Our previous blog on Gpcode said we’d managed to find a way to restore files in addition to those files that can be restored using the PhotoRec utility.
It turns out that if a user has files that are encrypted by Gpcode and versions of those same files that are unencrypted, then the pairs of files (the encrypted and corresponding unencrypted file) can be used to restore other files on the victim machine. This is the method that the StopGpcode2 tool uses.
Where can these unencrypted files be found? They may be the result of using PhotoRec. Moreover, these files may be found in a backup storage or on removable media (e.g., the original files of photographs copied to the hard disk of a computer that has been attacked by Gpcode may still be on a camera’s memory card). Unencrypted files may also have been saved somewhere on a network resource (e.g., films or video clips on a public server) that the Gpcode virus has not reached.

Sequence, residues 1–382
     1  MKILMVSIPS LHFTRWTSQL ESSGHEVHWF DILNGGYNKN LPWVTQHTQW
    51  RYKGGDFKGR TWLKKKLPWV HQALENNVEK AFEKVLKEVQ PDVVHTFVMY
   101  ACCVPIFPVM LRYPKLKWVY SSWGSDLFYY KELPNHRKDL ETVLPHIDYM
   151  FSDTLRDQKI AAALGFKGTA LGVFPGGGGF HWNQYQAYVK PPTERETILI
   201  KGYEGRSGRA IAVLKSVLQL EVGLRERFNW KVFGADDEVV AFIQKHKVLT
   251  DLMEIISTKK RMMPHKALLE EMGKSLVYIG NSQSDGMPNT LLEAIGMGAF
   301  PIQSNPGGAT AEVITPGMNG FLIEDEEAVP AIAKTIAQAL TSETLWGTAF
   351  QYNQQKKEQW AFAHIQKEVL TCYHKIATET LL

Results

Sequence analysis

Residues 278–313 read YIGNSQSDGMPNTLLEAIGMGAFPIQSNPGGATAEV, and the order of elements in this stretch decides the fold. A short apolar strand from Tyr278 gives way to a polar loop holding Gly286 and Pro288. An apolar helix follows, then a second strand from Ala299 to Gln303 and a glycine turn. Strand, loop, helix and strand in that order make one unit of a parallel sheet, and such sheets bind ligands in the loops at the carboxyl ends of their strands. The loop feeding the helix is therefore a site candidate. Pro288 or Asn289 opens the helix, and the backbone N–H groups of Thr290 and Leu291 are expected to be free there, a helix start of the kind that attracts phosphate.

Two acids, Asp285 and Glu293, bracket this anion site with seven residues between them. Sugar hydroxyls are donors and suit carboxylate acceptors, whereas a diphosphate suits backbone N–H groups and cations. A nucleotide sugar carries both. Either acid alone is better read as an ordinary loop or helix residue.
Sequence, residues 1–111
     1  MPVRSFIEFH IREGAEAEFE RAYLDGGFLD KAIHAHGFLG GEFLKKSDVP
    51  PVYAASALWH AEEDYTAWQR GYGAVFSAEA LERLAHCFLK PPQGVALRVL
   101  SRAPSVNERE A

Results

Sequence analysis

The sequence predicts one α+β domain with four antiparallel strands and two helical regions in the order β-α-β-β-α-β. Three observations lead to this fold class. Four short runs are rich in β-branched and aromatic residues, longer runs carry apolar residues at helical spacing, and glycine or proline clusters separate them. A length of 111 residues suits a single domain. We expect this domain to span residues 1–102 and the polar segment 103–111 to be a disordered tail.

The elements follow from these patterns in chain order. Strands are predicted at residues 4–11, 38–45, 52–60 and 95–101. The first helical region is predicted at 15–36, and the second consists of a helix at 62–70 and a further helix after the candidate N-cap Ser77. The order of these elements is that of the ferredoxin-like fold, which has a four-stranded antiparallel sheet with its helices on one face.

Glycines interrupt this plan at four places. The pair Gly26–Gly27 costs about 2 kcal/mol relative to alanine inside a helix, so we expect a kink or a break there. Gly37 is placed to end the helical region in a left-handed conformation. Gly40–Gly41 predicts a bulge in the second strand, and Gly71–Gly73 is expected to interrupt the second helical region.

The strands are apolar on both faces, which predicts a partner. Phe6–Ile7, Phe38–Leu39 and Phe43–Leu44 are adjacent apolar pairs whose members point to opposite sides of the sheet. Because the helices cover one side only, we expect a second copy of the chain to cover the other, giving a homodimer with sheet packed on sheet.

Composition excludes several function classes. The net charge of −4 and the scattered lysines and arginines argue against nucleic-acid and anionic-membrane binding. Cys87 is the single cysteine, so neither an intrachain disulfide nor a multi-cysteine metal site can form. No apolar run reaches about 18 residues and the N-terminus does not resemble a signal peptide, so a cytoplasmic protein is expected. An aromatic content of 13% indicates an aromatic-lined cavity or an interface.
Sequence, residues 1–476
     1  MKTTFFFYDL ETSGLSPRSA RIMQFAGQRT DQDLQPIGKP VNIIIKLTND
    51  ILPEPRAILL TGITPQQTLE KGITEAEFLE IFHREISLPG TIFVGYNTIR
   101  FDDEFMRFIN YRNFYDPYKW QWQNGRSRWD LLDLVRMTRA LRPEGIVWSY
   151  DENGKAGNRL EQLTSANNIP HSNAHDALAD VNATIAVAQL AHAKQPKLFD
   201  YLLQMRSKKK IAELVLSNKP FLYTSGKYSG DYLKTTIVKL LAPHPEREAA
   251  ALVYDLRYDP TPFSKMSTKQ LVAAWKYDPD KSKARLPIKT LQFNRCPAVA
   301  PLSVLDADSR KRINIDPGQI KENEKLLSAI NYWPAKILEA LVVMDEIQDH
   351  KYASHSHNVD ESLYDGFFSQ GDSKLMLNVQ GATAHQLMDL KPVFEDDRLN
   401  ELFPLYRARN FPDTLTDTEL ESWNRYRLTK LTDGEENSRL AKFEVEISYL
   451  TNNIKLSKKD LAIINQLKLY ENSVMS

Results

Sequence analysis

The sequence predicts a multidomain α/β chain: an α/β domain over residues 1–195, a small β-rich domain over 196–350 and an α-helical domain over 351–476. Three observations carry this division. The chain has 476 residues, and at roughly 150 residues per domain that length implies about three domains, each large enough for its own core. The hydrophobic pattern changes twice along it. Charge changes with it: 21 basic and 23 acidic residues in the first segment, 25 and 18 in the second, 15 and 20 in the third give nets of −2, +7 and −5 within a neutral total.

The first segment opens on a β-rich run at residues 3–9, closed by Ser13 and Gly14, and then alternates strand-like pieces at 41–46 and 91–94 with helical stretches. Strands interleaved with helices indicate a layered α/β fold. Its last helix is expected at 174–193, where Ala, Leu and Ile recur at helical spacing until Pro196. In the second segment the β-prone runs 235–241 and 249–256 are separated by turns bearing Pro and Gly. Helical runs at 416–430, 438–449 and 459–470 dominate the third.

We can’t guarantee that files will be restored, as the method used relies not only on the user having unencrypted versions of the affected files but also on the characteristics of the infected machine. All the same, the results we achieved during testing (80% of encrypted files were restored) suggest that it’s worth doing if you need to recover your files.
The more pairs of files that can be found the more data that can be restored.
Detailed instructions on the use of the StopGpcode2 tool can be found in the description of Virus.Win32.Gpcode.ak.